I'm a little late to the party on this one, I know. It's because I almost never read contemporary fiction, non-Japanese. Why? One, because I almost never read contemporary fiction, non-Japanese, so that when I do read a book, I can't properly contextualize it, and I find I have a hard time enjoying art I can't contextualize. So I'm an uptight academic at heart: surprise. Two, because no matter how much I enjoy it (and, to give the lie to that last statement, I enjoyed the bejeezus out of this novel), toward the end I start to feel guilty for not spending this time reading something that might someday contribute to a class, or an article. So I'm an uptight academic at heart: surprise.
But a dear friend recommended this to me, and in such specific terms that I just had to pick it up. Took me a while to get around to it, but.
Well, it is a masterpiece. It succeeds on so many levels, from the exhilarating bilinguality of the narration (I know just enough Spanish to get the frisson of catching some of the asides, and not enough to spoil it by catching them all) to the fascinating composite portrait it provides of, simultaneously, a family of Dominicans, and Dominican society as a whole (a society I freely admit I knew nothing about besides what you'd glean from the Boston media during the age of Manny, Pedro, and Big Papí). Plus, a lot of it takes place in New Brunswick, New Jersey, and by sheer chance I started reading this the day after I got back from a conference there. So I could envision some of the places it talks about...
Two things I want to mention about this book.
It dimly registered while I was reading it that the whole thing's a riff on Hemingway's "The Short, Happy Life of Francis Macomber." It's such a magnificent book that you're almost embarrassed for Hemingway: put Oscar Wao in the ring with Francis Macomber, and Wao wins by a knockout in three. But this works to the book's advantage: you so quickly forget that Wao is an allusive variation on Macomber, you so quickly get immersed in the wondrous specificity of Díaz's achievement, that the inevitable ending may still come as a surprise. It was only when (spoiler alert) Oscar is out in that canefield that I found myself thinking, oh yeah, Mrs. Macomber. I mean, I should've been expecting it. That I wasn't shows that the book really worked for me. As an allusive variation. The Hemingway connection enriched the book for me, without overshadowing it.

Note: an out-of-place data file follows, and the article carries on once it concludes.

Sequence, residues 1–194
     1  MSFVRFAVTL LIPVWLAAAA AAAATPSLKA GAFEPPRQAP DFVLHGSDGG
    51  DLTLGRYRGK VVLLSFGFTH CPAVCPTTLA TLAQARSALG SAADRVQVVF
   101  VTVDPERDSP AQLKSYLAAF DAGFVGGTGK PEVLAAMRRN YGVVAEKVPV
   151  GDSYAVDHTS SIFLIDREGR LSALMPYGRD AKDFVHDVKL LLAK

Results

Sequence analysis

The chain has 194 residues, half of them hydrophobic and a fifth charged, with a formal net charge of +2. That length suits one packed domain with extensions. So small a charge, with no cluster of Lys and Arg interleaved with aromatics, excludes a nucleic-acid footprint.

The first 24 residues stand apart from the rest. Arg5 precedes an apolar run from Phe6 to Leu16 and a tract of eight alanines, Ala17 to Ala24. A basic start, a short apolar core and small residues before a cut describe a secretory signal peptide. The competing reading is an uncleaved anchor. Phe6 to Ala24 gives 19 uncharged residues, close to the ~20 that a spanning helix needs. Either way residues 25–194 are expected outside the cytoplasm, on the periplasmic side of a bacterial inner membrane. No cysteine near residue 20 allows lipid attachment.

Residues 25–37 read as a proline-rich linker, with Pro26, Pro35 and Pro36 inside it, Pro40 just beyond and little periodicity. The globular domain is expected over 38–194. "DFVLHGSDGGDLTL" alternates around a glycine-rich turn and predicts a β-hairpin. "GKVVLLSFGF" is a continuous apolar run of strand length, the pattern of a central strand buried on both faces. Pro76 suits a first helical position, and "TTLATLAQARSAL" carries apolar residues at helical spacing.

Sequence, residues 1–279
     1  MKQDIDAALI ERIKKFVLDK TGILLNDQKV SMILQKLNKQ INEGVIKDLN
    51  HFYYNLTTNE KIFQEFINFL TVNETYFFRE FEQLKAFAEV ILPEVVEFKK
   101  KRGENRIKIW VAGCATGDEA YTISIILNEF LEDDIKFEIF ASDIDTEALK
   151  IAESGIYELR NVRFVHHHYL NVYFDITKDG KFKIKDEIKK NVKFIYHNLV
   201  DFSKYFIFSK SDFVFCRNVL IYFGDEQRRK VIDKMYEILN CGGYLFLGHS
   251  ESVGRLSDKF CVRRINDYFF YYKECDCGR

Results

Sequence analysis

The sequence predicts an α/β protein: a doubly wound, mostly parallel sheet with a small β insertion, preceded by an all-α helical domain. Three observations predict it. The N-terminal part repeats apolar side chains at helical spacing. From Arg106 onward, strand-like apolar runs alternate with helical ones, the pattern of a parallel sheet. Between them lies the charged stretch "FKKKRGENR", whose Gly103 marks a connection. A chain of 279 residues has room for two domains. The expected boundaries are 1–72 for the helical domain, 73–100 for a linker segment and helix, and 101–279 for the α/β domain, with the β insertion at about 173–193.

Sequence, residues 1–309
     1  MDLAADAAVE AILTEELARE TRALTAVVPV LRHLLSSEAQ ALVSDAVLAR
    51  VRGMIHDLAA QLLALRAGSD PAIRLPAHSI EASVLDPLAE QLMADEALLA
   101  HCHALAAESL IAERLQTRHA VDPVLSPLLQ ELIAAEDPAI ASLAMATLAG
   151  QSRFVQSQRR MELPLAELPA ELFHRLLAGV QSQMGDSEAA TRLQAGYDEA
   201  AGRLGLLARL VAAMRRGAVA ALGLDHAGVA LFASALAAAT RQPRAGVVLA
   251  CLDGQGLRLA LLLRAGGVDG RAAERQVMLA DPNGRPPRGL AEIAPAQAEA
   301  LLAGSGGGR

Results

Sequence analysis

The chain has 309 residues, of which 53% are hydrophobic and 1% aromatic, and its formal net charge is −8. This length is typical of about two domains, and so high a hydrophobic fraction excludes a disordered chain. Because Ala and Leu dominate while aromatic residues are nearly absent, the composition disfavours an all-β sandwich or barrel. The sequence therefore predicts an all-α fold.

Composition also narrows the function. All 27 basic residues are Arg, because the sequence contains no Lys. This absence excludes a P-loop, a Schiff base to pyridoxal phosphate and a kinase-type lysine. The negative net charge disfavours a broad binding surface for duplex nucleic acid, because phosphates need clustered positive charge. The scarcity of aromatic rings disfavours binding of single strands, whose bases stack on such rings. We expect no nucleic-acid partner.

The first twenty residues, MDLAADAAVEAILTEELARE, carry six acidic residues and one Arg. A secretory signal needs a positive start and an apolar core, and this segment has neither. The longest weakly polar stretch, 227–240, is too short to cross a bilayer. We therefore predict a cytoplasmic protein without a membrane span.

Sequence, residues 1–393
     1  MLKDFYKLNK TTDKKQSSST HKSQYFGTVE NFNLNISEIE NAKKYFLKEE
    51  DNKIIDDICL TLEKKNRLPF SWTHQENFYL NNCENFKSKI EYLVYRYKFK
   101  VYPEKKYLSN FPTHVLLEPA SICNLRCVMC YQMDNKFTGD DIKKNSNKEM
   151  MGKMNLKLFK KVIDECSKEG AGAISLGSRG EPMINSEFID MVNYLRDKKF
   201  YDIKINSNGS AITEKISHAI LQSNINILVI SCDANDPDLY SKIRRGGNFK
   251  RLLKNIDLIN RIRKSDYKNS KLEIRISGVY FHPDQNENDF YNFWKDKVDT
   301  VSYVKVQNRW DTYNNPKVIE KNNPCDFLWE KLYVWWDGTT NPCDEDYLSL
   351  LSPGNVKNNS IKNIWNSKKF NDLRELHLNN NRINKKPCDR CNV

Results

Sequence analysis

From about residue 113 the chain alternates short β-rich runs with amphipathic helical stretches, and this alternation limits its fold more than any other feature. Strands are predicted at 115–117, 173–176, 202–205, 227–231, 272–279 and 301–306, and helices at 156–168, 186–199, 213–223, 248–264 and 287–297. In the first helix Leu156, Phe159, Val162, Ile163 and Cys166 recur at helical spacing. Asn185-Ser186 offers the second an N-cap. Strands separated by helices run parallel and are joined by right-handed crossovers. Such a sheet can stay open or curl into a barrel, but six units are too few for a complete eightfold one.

Also: as something of a Tolkien aficionado, not to mention a nerd for all reasons, I thoroughly enjoyed Oscar's nerdessence. As a whitekid myself I'm always strangely embarrassed and heartened when I encounter people of color who co-inhabit my canon (I mean: why? but also, why not? but also, and again, why? etc.), so that's part of it. But mainly it's because I was moved, as a Tolkien reader, by Díaz's deep application of Tolkien to Dominica. I mean, us Tolkien apologists can talk about how there's depth there, meaning, significance; Díaz demonstrates it, by showing how Tolkien's imagery can, for one fanboy, capture deep feelings and understandings about a real-world event (the Trujillato). That is to say that, on a very deep level, Oscar Wao is about the power of literature in general, and Tolkien in particular, to help us make sense of life: Tolkien gives Oscar (not just Oscar: Yunior: Díaz) a vocabulary to talk about great evil, about torture, about destiny, about great beauty and strength, about death and violence and love.